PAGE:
The most positive thing to come out of last week's umpteenth special legislative session was that Gov. Rod Blagojevich didn't call another one for the next day.


Blagojevich had threatened to call lawmakers to town every day until they passed a mass transit funding bill for the Chicago region. But when almost none of his Senate Democratic allies bothered to show up last Wednesday it was obvious they were voting with their feet. So, once again, the governor conveniently forgot about a promise and skulked home to Chicago.


Just eight Senate Democrats - out of 37 - made it to Springfield last Wednesday. Senate President Emil Jones, the governor's staunchest ally this year, was a no-show. Sen. Carol Ronen, the governor's floor leader who is about to retire, didn't show up either. Sen. Rickey Hendon, the toughest critic of House Speaker Michael Madigan in the "upper" chamber, was also not there (although Hendon was reportedly not feeling well). Sen. James DeLeo, the governor's go-to guy for Hannah Montana tickets, was nowhere to be found.


The governor sued House Speaker Michael Madigan last year in an attempt to compel him to force his members to town during special sessions. Madigan skipped last week's festivities, but the House, at least, had a quorum present. Seventy House members answered the roll call, compared to a 14 or 15 across the Statehouse rotunda. There were almost as many reporters present in the Senate as members.


This turn of events put the governor in a bit of a bind. He often seems to live to bash Madigan, but even Blagojevich didn't have the chutzpah required to slam the House Speaker for not coming to town when almost no Senate Democrats made the trip. So, he contented himself with releasing a generic slam on the General Assembly.


"WeĠre disappointed that most lawmakers failed to appear for the special session called by the governor to fund the CTA and avert a planned January 20 doomsday," his spokesperson said in a written statement.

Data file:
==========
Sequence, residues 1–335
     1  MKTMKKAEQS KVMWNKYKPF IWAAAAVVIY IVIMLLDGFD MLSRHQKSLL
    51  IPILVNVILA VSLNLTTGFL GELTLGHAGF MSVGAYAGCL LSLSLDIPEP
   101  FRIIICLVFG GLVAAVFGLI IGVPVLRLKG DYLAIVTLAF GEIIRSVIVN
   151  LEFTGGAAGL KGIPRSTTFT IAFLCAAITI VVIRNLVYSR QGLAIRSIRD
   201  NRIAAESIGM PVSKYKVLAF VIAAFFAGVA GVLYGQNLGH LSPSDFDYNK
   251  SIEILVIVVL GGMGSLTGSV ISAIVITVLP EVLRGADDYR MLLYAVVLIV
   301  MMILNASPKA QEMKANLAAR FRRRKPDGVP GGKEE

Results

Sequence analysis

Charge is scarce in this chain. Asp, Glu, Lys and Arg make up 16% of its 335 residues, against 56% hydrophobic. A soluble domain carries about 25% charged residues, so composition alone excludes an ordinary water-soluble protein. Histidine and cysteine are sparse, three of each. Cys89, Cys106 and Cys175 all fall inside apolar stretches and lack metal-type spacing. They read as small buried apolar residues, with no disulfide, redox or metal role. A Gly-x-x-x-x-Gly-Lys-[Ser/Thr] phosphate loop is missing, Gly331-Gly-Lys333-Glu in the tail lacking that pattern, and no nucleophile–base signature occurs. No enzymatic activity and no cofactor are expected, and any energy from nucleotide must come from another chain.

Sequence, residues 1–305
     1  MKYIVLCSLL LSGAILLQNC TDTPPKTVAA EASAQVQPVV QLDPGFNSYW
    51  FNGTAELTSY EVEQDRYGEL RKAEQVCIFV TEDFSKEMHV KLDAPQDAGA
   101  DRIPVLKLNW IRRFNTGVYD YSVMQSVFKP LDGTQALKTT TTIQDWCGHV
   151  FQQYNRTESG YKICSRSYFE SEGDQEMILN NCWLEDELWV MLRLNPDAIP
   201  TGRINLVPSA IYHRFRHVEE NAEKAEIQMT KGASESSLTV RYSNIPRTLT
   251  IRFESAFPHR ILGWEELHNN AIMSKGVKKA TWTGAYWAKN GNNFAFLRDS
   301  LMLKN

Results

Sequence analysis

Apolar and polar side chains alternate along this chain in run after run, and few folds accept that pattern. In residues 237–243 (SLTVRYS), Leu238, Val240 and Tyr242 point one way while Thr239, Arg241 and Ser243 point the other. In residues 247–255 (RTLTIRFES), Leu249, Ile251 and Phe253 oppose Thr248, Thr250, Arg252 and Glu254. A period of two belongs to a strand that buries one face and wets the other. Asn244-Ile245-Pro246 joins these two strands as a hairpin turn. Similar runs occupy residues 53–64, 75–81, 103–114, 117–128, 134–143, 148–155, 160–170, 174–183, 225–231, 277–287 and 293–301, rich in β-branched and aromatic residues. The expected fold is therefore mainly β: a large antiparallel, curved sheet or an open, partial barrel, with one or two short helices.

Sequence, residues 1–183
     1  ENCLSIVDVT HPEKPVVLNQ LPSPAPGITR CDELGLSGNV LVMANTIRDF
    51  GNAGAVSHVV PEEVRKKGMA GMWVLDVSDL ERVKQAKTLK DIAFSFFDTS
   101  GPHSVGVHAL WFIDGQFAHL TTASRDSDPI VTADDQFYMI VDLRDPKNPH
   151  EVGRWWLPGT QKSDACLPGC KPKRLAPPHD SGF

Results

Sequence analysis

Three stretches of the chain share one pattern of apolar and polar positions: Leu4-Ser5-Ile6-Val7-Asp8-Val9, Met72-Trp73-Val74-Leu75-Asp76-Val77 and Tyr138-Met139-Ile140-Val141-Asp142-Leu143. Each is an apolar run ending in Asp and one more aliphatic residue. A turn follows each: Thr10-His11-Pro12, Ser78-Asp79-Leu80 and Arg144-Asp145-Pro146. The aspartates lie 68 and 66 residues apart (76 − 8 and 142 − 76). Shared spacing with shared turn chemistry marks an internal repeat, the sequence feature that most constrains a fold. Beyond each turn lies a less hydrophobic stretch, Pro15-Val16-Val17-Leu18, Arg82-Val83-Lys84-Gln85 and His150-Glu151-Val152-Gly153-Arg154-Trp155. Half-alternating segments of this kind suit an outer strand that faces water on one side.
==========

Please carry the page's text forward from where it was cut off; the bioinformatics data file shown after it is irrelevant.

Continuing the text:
"Most" House members did show up, of course, but the Senate dragged the curve way down.


One never knows what will go through the governor's mind at a time like this. A couple of stray electrons in his brain could bump into each other and set off an uncontrollable chain reaction that his staff and top advisors are helpless to stop. So Statehouse types waited around for a signal about what Blagojevich might do next. Several had come to town prepared for the long haul, bringing enough clothes to get them through the weekend.


Thankfully, sanity finally prevailed. Or maybe it was presidential politics.


One of the reasons that so many Democrats, particularly in the Senate, weren't in town last week was because they were in Iowa campaigning for their former legislative colleague, US Sen. Barack Obama. If the governor had called another special session for Thursday - Iowa Caucus Day - and harangued lawmakers into showing up, he could have been accused of sabotaging Obama's campaign.


So instead of calling yet another fruitless, futile and politically dangerous special session, the governor cut his losses and went home. Considering the miserable legislative turnout, he probably spent more on his flight back and forth to Springfield and his Chicago press conference than the General Assembly spent on per diems.  In the end, last Wednesday was simply an expensive media opportunity for one of the biggest publicity hounds in Illinois history.


And the press pop didn't even go all that well. Chicago reporters wanted to ask him about the latest allegations contained in a federal proffer that Blagojevich had bragged about how he could use state contracts to raise campaign cash. The governor was forced to spend most of his time denying that he was a crook and slamming the media for focusing on the negatives while he was trying to do what's right for Illinois. It was a real George Ryan moment. And we all know how that story ended.





Rich Miller also publishes Capitol Fax, a daily political newsletter, and